It is rather surprising now to be reminded of the significant negative opinion that the Irish political establishment had of China in 2007. It is best illustrated by the high profile campaign calling for countries to boycott the 2008 Beijing Olympics which gained the support of independent senators, Fine Gael (in the form of Simon Coveney), Labour, Fianna Fáil and the Green Party.
The plan to postpone the payment of the Anglo Irish promissory note until 2025 is part of a wider attempt to save the asses of the banks by maintaining the fiction they are not insolvent. By Donagh Brennan.
Ann Pettifor has argued regularly that the problems in the British economy stem from the vast level of private sector debt, principally in financial institutions rather than with public sector debt.
“A low rate of corporation tax on export-orientated activity has been a cornerstone of our industrial policy since the 1950s and the 12½% rate is now part of our international ‘brand’. The contribution from the corporate sector will be made through the maintenance and creation of high value employment.”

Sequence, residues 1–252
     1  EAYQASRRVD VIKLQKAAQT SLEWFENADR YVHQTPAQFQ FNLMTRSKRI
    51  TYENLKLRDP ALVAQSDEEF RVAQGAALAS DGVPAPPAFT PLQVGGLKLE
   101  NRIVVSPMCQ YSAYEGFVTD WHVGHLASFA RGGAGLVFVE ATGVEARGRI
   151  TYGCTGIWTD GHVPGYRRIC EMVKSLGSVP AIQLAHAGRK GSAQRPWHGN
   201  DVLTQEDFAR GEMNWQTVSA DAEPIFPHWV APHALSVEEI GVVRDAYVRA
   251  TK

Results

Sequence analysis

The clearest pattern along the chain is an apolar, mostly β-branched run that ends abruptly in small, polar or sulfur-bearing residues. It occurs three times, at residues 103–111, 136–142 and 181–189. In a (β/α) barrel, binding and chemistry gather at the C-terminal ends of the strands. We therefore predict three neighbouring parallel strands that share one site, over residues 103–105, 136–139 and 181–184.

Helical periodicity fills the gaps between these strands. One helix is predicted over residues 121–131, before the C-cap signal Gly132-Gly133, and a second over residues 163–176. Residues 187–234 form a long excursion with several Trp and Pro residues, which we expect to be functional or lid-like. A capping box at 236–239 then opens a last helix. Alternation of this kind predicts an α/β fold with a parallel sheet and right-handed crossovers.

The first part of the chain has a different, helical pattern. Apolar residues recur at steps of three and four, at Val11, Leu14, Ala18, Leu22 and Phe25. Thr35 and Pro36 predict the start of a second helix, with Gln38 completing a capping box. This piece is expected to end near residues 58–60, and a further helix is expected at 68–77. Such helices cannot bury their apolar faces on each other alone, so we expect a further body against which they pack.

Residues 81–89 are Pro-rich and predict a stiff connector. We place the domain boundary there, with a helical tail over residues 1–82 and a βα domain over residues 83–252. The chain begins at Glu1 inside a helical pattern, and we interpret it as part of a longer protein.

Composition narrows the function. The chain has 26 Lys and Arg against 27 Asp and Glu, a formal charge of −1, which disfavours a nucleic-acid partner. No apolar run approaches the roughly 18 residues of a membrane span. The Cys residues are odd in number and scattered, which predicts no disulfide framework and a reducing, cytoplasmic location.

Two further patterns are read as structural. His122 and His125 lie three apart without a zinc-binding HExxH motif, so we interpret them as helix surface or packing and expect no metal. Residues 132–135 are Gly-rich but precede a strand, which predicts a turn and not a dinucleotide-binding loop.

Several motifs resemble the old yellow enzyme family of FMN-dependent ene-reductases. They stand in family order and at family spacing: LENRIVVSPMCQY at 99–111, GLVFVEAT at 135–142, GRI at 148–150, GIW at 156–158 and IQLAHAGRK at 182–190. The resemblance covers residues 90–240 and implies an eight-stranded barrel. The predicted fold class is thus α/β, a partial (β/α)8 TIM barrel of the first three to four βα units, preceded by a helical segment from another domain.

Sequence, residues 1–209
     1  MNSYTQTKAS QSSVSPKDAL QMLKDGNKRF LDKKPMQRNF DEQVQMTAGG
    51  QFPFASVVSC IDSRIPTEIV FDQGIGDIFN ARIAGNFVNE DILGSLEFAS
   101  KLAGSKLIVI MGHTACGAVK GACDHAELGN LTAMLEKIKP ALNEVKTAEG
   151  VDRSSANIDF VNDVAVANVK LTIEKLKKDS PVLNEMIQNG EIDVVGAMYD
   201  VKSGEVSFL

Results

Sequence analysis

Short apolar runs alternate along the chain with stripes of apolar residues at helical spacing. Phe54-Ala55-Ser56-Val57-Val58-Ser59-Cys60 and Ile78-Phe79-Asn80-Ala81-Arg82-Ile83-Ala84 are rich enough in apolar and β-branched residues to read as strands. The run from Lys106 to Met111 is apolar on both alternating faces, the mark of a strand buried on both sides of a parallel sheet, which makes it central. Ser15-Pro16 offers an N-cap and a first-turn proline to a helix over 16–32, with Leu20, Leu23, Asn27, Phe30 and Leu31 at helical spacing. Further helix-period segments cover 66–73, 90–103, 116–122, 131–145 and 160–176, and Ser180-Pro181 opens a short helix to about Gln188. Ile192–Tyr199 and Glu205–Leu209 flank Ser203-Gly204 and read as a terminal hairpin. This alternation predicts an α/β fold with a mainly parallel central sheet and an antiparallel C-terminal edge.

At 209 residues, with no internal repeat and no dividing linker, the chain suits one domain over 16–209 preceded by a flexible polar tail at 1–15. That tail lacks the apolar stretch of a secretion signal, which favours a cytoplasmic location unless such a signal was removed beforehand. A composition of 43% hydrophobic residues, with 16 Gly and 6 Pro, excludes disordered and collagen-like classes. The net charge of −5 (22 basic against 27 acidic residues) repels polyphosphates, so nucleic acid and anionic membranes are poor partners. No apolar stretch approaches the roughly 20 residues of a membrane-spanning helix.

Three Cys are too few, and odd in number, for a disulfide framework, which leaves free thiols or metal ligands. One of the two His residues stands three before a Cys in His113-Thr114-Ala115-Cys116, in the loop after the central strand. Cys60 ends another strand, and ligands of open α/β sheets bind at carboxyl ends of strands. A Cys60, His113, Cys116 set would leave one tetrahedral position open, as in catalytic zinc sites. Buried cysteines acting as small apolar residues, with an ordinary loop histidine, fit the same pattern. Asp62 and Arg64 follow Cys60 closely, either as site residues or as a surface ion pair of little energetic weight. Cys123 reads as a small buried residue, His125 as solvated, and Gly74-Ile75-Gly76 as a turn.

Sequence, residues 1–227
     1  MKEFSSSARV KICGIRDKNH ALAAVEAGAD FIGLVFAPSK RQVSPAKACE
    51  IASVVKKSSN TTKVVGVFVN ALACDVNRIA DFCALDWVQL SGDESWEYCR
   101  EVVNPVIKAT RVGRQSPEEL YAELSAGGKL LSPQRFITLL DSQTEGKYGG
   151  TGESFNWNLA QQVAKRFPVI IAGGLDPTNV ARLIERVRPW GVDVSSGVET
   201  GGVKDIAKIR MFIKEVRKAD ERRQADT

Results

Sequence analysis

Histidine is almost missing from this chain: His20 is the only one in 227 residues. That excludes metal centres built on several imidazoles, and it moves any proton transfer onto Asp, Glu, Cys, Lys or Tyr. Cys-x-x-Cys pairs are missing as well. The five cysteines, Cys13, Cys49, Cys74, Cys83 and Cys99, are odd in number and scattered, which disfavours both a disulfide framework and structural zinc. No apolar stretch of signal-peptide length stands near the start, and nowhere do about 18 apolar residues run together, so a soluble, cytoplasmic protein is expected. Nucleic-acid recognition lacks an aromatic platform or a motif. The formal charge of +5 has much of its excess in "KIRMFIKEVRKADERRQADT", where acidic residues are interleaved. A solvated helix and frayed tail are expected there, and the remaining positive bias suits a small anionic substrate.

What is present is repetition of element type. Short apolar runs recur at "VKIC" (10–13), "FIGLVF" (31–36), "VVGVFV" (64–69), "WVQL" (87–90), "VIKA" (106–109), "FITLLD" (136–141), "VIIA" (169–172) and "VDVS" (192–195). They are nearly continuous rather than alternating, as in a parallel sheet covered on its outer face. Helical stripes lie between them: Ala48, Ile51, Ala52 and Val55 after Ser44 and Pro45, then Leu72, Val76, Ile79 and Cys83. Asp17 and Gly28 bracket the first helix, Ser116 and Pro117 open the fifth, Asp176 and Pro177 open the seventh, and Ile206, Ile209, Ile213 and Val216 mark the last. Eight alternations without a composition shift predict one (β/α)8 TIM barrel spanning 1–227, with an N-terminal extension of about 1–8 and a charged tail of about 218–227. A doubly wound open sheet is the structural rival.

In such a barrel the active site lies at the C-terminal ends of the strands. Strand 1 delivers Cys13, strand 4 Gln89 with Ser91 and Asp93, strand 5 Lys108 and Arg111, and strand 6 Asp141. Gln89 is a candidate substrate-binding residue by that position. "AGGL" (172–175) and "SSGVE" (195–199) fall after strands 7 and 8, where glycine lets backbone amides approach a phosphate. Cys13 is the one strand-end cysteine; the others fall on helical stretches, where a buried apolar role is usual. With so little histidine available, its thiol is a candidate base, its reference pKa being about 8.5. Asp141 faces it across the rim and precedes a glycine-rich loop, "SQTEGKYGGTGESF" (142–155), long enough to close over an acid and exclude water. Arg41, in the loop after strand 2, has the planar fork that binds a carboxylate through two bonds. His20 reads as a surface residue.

So said the National Recovery Plan 2011-2014, issued on 24 November 2010 by the Fianna Fáil/Green Party and which received glowing approval from the EU, IMF and the ECB.
Irish corporation tax policy is not about attracting companies that create growth within the country in terms of jobs or through helping to develop indigious Irish enterprises through skills transfer or use of services - it's about attracting companies whose only reason for establishing a base here is tax avoidance. By Donagh Brennan.
Good news for a change. While Iceland was one of the first countries after the collapse of Lehman Brothers to get an IMF bailout, it is, according to this Reuters report published in the Irish Times today, starting to come out of recession.